While other automakers offer similar setups (the Volvo S90 immediately comes to mind), the E-Class is unique in the sense that it uses the blind-spot information system to physically change lanes without any steering or pedal input from the driver. Using the indicator stalk while IDP is enabled prompts the E 400 to autonomously check your blind spot and smoothly dart into the next lane. It’s more than just a gimmick; this car is the future.
Just like the sedan, the two-door E-Class boasts an interior that is not only segment leading, but a modern work of art. The particular spec on our test vehicle was perhaps the most stunning available from Mercedes-Benz Canada. The upholstery is Saddle Brown with black leather accents, and contrasts beautifully with the Dark Ash Wood trim, open pore and as nice to the touch as it is visually. Matching brown stitching is prominent on the black leather bits, and the brushed aluminum of the buttons and the Burmester stereo speakers all just comes together perfectly.
It’s not just nice to look at; the E 400 Coupé is a rolling technology suite. Just like in the sedan, a dual-screen setup (12.3” each) sits in front of the driver, and provides a multitude of information and driving diagnostics. The colours are vivid and the screens are pleasant to look at. Apple CarPlay is offered, and wireless phone charging is optional. As with many other applications of the latest Mercedes-Benz infotainment system, it’s extremely capable but quite difficult to use at first. The learning curve is vast, but once used to it, the system is intuitive – just like a modern Android phone.
The E-Class Coupé starts at $72,700 in Canada, which is $2,900 more than the E 400 sedan. The Premium Package for $4,000 adds things like heated front armrests, power trunk closer, digital instrument cluster display, Burmester audio, keyless go, and a “Warmth Comfort Package”. The Technology Package costs $2,600, and adds heads-up display, LED headlights, and high-beam assist. Added options include the Multicontour Front Seats with Massage, ventilated front seats, and a few other small bits that bring the as-tested sticker to $89,000. Curiously, for this price, Mercedes-Benz does not equip a heated steering wheel onto the E 400 Coupe.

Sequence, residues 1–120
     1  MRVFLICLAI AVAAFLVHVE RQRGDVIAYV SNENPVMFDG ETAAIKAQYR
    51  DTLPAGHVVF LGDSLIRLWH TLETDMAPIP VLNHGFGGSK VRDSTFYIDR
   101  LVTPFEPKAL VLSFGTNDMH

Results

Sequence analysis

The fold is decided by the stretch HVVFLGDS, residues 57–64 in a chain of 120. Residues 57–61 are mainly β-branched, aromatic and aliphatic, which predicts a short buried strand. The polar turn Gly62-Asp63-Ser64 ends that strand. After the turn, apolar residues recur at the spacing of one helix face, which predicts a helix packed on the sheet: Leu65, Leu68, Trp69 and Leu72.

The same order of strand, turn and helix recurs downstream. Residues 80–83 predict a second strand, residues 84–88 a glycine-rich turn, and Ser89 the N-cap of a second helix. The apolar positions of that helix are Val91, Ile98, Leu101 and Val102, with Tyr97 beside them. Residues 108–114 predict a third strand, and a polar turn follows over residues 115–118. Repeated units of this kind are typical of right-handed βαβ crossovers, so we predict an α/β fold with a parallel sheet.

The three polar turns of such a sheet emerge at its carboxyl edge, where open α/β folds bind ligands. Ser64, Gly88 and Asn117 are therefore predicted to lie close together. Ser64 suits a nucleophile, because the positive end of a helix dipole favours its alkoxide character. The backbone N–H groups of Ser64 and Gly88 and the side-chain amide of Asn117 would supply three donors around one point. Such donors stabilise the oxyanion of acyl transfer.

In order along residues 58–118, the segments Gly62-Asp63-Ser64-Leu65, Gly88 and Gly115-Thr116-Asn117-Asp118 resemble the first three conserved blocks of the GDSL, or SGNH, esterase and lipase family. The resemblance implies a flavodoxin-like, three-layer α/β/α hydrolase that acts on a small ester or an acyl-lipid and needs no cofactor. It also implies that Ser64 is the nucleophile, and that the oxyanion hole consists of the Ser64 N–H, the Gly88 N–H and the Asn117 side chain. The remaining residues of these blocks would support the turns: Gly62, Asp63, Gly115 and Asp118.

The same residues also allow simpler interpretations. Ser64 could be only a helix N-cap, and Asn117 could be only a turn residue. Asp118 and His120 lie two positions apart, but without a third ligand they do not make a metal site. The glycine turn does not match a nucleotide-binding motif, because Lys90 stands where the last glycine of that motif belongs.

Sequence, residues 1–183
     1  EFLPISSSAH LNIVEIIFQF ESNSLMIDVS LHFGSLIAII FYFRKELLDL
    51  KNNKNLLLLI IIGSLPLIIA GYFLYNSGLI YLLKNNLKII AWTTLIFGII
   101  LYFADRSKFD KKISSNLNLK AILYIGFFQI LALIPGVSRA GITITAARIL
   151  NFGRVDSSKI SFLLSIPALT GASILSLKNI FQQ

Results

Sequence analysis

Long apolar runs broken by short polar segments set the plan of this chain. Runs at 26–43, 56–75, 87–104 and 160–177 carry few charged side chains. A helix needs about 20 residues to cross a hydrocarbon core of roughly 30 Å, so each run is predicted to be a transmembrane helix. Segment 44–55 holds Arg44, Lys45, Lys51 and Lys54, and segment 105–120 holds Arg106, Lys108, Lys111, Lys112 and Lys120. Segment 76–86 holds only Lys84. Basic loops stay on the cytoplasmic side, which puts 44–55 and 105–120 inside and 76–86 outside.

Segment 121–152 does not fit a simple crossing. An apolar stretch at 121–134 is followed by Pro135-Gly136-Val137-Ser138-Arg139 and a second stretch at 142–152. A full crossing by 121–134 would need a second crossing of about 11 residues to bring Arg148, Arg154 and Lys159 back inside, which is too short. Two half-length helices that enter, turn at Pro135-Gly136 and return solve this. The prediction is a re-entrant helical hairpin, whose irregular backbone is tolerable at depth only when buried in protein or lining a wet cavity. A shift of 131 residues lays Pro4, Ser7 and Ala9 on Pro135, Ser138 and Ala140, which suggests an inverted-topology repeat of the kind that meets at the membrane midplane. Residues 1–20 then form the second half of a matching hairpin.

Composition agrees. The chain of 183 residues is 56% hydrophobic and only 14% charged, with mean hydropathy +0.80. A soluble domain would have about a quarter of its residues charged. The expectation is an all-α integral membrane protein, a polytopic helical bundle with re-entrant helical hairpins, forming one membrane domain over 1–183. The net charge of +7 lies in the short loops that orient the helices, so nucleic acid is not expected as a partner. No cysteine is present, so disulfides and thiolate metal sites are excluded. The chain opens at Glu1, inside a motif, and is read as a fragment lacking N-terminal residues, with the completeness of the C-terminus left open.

According to Mercedes-Benz, the E 400 Coupé will achieve fuel economy of 11.9L/100km city and 9.0L/100km highway, delivering a combined average of around 10.2L/100km. The nine-speed automatic is geared well to keep highway economy down, and over a longer run east of Toronto, we were able to squeeze 8.4L/100km out of the car. It requires 91-octane premium fuel, and we observed about 500km on one tank.
If you’ve already decided that a coupé is for you, there aren’t really any real qualms with the E 400. The price is right in line with the rest of Mercedes-Benz’s lineup, and there is a value there. The styling is undeniably pretty, and the car is one that will universally be considered attractive, if a little too conservative at times. The infotainment will be a challenge for the older generation, which means many buyers won’t be able to use all of the car’s features. The gear selector “stalk” shared with other Mercedes-Benz products does make for more usable space in the dashboard area, but sort of takes away from the rest of the car’s contemporary characteristics.
The 2018 Mercedes-Benz E 400 Coupe 4MATIC is a serene and powerful cruiser that feels solid; like it was carved from a solid block of steel. There isn’t a creak, rattle or shake to be found on this car, and that’s one of the biggest appeals of a modern German car. It offers the teutonic and undetectable power of a boosted V6, the comfort of a much larger car thanks to its air suspension, and more technology than an Apple Store. This car is the perfect blend of classic and contemporary elegance, and you owe it to yourself to take a test drive if it’s on your shopping list.